Local company selects Land Trust for donation program
When it comes to business, success is usually a fairly easy thing to judge. If the numbers are in the black, just about any business is considered a success.
But a truly successful company is about more than just making money, it’s about making a difference. And that’s where Redfish Technology really separates itself. For three years in a row now, the Hailey-based executive recruiting firm has taken home first place in the “Best Places to Work” in Idaho contest.
That’s because, as owner and founder of Redfish Technology Rob Reeves explains, their very successful business model takes a more holistic view of business and how they manage their staff of nearly a dozen employees. Redfish Tech isn’t just about the bottom line, it’s about the people who make it happen and the impact they have on the community.
“If we do things right in our house, so to speak, it permeates outside our offices,” he said during an interview I did with him for a newspaper story last year.
Rob was also named Alpha Kappa Psi’s 2015 Idaho Business Leader, an annual honor recognizing an Idaho business leader who has demonstrated outstanding business and professional ethics while contributing significant support to worthwhile community, civic and education activities.
While the award is a great individual honor, Rob was quick to credit to his staff, people like Tory Thomas.
The North Carolina-native has been with Redfish Tech for two years and really enjoys working at the company. Besides the fast-paced and dynamic atmosphere of their office, Tory enjoy benefits like flex-time to allow her to make some turns on the mountain or casts in the river—fly fishing is her latest love. She also enjoys being supported to give back.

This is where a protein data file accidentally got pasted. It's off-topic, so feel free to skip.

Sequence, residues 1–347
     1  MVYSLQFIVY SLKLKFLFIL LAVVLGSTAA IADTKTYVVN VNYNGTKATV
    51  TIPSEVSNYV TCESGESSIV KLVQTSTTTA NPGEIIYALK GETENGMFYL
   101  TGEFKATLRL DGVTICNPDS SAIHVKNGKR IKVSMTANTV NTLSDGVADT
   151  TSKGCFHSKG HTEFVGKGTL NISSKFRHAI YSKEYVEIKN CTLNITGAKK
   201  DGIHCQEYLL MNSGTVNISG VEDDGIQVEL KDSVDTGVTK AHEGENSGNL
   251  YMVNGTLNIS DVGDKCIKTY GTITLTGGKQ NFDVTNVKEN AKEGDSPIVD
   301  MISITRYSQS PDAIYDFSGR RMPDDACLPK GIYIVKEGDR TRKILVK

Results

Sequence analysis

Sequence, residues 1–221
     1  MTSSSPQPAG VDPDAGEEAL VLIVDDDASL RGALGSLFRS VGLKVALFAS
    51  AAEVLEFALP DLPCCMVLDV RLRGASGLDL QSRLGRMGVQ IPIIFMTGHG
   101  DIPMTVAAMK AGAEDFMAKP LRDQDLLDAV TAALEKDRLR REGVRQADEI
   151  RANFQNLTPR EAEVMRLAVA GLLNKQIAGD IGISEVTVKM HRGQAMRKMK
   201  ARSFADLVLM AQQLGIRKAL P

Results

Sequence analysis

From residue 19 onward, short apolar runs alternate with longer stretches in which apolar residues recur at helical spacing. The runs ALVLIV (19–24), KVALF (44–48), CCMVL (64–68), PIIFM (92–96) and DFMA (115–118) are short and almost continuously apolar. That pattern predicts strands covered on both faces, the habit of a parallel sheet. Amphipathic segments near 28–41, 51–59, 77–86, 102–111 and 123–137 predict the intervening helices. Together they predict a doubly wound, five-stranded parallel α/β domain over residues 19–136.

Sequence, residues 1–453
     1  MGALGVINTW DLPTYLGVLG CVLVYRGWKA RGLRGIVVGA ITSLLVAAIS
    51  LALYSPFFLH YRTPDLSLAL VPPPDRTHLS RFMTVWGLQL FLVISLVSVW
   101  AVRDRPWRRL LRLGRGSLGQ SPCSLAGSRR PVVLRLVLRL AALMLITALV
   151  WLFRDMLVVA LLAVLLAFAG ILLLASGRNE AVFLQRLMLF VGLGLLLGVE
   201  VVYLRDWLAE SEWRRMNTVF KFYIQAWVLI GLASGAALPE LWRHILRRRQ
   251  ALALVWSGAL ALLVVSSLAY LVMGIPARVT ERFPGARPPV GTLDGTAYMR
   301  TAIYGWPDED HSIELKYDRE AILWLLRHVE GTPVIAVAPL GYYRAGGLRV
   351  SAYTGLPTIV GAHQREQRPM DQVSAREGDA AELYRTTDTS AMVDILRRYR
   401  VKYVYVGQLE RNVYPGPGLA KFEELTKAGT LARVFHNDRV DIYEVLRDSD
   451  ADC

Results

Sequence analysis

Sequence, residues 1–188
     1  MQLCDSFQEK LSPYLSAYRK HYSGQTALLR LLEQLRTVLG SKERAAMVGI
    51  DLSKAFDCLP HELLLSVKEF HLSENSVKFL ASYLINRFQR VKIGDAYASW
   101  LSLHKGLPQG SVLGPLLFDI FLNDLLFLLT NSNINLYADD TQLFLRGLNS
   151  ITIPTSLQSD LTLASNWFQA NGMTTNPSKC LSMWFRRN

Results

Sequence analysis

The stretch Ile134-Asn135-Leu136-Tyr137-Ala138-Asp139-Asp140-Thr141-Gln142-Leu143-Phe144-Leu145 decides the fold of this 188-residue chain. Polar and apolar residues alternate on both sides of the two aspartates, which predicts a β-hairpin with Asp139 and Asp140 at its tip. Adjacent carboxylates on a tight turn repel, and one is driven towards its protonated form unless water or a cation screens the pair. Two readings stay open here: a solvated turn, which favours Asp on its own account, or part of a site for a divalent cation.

Through programs at Redfish tech, Tory has volunteered at the Syringa Mountain School and after being named last quarter’s top producer, she selected the Wood River Land Trust as the beneficiary of the company’s “One for One” donation. The program involves donating a portion of the company’s closed deals to a local charity or organization selected by the company’s top producer for the quarter.
“Rob has been awesome and very supportive about giving back to the community,” she said.
Tory said she chose the Land Trust because of the good work the non-profit does. She especially enjoys hanging out at the Bow Bridge and Draper Preserve. Tory also credits her grandfather, who is very supportive of the North Carolina Coastal Land Trust, for making her aware of how important and impactful Land Trusts can be.
“My grandfather helped me appreciate the importance of saving land,” she said.
Thanks to the support of people like Tory, her grandfather, and to the great work of truly successful businesses like Redfish Technology, Land Trusts like the WRLT can keep finding success, too.
By Mike McKenna